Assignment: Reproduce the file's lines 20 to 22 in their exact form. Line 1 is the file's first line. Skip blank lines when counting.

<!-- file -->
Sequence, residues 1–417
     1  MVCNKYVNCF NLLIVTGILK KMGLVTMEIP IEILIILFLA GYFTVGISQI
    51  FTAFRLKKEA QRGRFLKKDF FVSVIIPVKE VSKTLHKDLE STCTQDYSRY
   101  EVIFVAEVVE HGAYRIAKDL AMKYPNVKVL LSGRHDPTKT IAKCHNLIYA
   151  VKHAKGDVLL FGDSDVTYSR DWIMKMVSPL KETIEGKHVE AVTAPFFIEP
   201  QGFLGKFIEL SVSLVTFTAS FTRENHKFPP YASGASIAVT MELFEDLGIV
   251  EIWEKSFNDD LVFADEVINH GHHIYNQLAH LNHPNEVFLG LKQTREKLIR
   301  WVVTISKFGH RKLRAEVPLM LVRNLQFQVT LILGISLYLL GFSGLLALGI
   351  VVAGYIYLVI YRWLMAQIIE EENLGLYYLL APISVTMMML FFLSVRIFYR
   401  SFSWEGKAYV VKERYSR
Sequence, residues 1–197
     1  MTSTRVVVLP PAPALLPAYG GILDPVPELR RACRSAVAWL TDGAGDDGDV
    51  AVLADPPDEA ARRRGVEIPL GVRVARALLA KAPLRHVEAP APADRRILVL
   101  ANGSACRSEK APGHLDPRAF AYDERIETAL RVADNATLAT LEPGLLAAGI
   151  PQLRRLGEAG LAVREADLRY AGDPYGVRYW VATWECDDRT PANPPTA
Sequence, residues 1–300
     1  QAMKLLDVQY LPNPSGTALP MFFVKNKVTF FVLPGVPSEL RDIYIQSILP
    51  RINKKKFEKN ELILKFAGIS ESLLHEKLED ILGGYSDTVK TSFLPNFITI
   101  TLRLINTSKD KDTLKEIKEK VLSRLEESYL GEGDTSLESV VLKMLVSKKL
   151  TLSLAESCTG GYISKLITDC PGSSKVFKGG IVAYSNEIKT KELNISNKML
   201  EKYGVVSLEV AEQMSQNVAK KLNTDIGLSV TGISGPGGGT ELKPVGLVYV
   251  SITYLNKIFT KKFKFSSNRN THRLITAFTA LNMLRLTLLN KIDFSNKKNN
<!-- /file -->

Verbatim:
   151  TLSLAESCTG GYISKLITDC PGSSKVFKGG IVAYSNEIKT KELNISNKML
   201  EKYGVVSLEV AEQMSQNVAK KLNTDIGLSV TGISGPGGGT ELKPVGLVYV
   251  SITYLNKIFT KKFKFSSNRN THRLITAFTA LNMLRLTLLN KIDFSNKKNN